By Rebecca Jenkins
Metformin is safe to use in most patients with type 2 diabetes and chronic kidney disease (CKD), a large US study has found.
Analysing data from two large and diverse cohorts, researchers found metformin was not associated with incident acidosis in patients with diabetes with an estimated glomerular filtration rate (eGFR) of at least 30mL/min/1.73 m2.
In their primary cohort, a data set of 75,413 patients with diabetes from a large US health maintenance organisation, risk of acidosis only increased when eGFR was less than 30mL/min/1.73 m2, researchers wrote in JAMA Internal Medicine.
Results were consistent even after accounting for changes in eGFR stage over time and controlling for several confounders such as use of multiple medications, cardiovascular risk factors and age.
‘This was true in adjusted, active comparator, and propensity score-matched analyses, and in a replication cohort of 82,017 patients from a nationwide database of health care claims,’ researchers said.
The findings supported the recent US Food and Drug Administration (FDA) decision to expand eGFR thresholds for metformin use and recommendations from other regulatory bodies suggesting metformin could be used when eGFR was 45 to 59 mL/min/1.73 m2 and cautiously when eGFR was 30 to 44mL/min/1.73 m2.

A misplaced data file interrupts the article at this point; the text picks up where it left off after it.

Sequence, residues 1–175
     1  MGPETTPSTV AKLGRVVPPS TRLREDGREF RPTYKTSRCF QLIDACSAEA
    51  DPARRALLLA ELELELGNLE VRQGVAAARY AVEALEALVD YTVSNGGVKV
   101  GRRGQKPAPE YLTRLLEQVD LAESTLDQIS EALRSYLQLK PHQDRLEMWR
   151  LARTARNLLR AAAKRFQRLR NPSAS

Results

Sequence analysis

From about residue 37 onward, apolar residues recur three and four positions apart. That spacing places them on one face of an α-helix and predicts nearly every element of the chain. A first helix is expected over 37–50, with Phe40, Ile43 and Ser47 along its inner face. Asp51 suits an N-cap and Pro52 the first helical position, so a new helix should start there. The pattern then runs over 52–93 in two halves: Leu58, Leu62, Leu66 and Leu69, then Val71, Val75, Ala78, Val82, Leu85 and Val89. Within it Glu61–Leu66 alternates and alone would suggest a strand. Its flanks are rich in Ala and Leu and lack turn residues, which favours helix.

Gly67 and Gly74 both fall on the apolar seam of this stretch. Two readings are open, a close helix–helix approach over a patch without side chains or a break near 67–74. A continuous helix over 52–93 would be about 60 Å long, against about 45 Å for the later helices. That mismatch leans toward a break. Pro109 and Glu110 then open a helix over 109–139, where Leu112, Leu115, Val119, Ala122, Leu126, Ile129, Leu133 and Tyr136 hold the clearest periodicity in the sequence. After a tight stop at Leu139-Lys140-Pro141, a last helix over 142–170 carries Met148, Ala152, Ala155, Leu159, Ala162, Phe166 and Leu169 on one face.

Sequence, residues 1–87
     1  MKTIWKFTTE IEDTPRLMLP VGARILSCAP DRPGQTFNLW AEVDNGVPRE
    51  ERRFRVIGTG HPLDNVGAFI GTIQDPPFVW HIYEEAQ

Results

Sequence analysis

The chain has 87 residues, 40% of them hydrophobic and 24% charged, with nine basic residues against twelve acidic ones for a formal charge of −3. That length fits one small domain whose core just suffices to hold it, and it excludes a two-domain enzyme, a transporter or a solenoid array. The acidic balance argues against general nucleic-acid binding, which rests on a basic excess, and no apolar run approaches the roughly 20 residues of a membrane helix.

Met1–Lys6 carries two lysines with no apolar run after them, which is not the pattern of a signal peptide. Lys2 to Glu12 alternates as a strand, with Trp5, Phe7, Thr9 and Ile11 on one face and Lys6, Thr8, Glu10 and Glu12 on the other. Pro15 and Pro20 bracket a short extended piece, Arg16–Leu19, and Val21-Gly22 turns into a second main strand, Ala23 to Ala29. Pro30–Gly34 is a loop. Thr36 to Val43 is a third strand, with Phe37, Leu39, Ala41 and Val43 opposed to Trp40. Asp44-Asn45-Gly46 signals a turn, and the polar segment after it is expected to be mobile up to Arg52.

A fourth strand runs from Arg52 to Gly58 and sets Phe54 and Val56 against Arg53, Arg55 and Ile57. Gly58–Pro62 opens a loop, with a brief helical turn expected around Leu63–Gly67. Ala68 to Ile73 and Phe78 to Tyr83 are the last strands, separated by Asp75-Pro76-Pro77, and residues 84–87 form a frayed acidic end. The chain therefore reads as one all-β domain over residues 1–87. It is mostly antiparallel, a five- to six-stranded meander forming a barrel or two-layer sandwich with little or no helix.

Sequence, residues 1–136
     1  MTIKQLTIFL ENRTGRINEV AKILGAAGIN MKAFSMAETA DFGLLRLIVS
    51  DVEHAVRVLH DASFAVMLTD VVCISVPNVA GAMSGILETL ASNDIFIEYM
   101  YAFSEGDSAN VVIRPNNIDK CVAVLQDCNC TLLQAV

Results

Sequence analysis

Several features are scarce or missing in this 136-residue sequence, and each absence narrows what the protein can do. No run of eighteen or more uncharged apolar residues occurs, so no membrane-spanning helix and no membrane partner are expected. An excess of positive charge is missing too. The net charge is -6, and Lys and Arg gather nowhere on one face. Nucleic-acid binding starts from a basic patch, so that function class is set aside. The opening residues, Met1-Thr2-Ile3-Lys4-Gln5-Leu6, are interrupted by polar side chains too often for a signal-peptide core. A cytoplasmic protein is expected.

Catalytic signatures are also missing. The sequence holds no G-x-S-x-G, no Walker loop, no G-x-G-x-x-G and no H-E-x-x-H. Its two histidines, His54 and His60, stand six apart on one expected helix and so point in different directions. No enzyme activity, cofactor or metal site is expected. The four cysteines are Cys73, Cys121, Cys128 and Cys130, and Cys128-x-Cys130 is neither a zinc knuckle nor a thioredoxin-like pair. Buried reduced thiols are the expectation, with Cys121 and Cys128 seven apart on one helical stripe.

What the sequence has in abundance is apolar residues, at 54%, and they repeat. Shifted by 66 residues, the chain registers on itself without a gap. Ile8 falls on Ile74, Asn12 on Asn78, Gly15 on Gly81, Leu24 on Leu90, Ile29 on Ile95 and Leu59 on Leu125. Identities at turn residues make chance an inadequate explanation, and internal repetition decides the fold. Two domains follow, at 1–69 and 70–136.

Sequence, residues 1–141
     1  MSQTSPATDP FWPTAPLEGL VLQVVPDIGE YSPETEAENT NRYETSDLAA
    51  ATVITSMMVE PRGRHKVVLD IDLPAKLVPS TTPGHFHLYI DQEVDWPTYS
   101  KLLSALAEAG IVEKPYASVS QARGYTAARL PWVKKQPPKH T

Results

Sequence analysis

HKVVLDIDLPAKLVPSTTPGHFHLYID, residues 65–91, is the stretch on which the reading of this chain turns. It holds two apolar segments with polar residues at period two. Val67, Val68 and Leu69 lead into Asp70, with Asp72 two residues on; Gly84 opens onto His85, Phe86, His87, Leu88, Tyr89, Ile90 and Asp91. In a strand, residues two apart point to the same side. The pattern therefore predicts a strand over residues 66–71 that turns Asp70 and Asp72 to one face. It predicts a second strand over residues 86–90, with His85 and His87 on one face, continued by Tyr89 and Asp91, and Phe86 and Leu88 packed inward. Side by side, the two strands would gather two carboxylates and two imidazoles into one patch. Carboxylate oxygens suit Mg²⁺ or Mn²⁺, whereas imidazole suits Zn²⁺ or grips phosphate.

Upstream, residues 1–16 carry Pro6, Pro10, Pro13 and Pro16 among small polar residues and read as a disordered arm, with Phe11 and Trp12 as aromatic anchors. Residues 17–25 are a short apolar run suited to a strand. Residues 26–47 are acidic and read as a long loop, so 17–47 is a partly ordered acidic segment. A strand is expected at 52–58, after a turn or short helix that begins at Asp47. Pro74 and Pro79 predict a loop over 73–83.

Associate Professor Neale Cohen, Director of Clinical Diabetes at the Baker Heart and Diabetes Institute in Melbourne, said the findings supported accepted practice in Australia to use metformin down to an eGFR of 30mL/min/1.73 m2.
‘There is ongoing debate about metformin and renal impairment in particular, and I think we have relaxed our ideas about metformin in the last 10 years or so,’ he told Endocrinology Today.
‘It’s very reassuring that [in this study] there is just no signal for any increased incidence of acidosis at this stage of kidney disease.’
Questions remained, however, around treatment for patients with eGFR less than 30mL/min/1.73 m2, Professor Cohen said, noting this group was in the ‘land of limited opportunities’ when it came to therapies.
Dipeptidyl peptidase-4 inhibitors were extremely safe but had to be used in combination with metformin under PBS restrictions, he said.
Further trial results on the glucagon-like peptide-1 agonists and sodium-glucose cotransporter-2 inhibitors in this patient group were hotly anticipated, with these antidiabetic agents seeming to have cardioprotective and renoprotective effects.
JAMA Intern Med 2018; doi: 10.1001/jamainternmed.2018.0292.